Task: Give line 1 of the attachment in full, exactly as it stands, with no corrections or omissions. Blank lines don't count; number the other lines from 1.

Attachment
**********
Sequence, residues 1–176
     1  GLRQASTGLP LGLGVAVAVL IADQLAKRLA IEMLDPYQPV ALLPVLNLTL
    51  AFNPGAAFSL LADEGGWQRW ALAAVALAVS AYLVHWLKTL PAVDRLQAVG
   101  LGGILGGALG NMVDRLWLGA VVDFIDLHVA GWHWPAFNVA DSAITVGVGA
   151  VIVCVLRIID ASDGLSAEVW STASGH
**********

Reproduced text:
Sequence, residues 1–176